Eye-Tracking Advances in Medicine
On April 6, 2011 BYU announced that students there had developed an affordable eye-tracking tablet to help people with disabilities in partnership with EyeTech Digital Systems as part of a year-long engineering project.
The tablet the s
tudents created in an impressive system given its size (2’ think, 10’ long by 14’ wide) and considering it runs Windows 7 and has an eye-tracki
ng system built in. The price makes the device even more incredible; by using off-the-shelf parts the students were able to drive the cost under $1,500.00. This makes the device much more accessible to people who need it because of physical limitations, previously available systems were bulkier and cost upwards of $14,000.00.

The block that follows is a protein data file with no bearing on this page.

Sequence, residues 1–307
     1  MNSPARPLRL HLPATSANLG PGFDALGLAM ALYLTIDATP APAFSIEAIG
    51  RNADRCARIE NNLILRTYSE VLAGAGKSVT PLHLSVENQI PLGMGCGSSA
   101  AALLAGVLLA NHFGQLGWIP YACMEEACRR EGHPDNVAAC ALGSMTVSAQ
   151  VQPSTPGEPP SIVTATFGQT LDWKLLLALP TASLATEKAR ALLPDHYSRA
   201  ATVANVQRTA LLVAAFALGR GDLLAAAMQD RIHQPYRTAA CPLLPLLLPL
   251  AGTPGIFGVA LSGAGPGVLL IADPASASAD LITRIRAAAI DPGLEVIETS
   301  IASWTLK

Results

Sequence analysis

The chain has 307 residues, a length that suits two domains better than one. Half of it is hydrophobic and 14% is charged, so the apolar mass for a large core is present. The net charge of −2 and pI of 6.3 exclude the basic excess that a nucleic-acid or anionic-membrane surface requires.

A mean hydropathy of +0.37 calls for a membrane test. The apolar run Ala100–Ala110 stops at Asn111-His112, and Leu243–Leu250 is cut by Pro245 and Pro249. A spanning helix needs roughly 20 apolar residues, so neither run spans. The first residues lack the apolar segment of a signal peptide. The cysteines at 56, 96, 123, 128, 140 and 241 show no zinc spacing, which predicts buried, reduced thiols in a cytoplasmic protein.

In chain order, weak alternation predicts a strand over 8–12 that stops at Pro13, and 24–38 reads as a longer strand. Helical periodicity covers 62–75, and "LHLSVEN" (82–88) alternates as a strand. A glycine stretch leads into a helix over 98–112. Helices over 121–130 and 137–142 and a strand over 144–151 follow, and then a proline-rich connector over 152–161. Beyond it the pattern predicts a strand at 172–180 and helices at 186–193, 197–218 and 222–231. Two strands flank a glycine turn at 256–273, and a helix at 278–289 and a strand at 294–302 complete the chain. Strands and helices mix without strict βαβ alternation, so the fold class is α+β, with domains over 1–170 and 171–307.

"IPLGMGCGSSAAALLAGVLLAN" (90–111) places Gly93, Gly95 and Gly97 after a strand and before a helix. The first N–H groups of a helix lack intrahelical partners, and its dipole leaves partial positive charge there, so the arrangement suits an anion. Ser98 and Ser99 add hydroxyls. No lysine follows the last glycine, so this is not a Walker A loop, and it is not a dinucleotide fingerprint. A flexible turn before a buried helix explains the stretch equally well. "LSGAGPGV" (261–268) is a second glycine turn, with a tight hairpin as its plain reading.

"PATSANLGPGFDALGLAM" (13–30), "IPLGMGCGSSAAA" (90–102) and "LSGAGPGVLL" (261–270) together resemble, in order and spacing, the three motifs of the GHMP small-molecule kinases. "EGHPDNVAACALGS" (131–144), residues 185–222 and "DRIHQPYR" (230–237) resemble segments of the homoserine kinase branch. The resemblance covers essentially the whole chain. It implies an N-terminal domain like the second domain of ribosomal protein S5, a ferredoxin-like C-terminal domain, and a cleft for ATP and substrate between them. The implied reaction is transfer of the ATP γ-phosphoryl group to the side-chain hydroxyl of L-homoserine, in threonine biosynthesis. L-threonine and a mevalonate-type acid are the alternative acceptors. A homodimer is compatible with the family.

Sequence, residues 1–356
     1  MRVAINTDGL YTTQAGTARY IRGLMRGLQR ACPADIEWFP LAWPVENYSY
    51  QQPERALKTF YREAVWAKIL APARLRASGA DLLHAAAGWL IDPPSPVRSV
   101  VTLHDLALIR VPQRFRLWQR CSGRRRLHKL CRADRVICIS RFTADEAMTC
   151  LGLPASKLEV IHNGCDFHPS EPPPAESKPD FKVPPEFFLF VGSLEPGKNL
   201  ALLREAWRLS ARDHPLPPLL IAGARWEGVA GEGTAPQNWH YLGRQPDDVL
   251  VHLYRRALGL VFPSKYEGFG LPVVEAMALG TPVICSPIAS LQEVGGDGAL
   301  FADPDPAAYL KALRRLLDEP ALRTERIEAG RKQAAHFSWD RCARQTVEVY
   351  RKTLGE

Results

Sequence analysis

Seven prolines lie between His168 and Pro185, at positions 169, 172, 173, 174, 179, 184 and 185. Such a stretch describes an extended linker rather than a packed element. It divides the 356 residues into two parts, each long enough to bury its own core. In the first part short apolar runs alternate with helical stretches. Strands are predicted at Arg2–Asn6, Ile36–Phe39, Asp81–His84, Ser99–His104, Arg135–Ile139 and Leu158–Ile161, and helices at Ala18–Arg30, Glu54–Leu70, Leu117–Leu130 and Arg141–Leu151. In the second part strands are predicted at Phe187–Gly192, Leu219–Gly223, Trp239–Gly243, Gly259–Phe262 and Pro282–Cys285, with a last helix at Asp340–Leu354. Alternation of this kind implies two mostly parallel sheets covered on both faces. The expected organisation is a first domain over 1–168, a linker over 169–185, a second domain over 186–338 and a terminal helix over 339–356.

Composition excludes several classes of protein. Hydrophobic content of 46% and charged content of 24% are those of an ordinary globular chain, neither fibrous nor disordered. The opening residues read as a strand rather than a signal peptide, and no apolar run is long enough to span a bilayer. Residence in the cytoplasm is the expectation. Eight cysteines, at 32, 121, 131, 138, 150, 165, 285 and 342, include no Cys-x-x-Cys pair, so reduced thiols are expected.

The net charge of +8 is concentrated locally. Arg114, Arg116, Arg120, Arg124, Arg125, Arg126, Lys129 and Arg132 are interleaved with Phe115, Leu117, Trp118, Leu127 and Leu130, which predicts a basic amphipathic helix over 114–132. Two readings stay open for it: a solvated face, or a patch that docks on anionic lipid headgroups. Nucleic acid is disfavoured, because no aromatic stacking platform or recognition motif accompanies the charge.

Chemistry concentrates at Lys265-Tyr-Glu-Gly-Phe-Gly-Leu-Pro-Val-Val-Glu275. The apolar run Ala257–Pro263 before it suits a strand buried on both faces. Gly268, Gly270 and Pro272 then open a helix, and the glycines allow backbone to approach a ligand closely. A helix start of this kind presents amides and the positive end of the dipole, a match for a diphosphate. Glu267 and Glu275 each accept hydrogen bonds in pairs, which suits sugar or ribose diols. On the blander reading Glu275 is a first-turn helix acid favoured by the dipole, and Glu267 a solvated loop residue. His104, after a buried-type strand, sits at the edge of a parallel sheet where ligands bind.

The tablet allows the user to control the mouse cursor with eye movements, with blinks serving as clicks. The device can run a large number of programs, including Skype; allowing people to stay connected with far-away friends and family.
The creation of this device is an important milestone in creating measureable improvements to the lives of people with disabilities, but it also opens up a tremendous world of possibilities that are not limited to quality-of-life improvements. Devices like this, based on tracking eye movements have applications that range from the entertaining world of video games that respond to eye movements to medical applications in the field of physical therapy and even applications in advertising.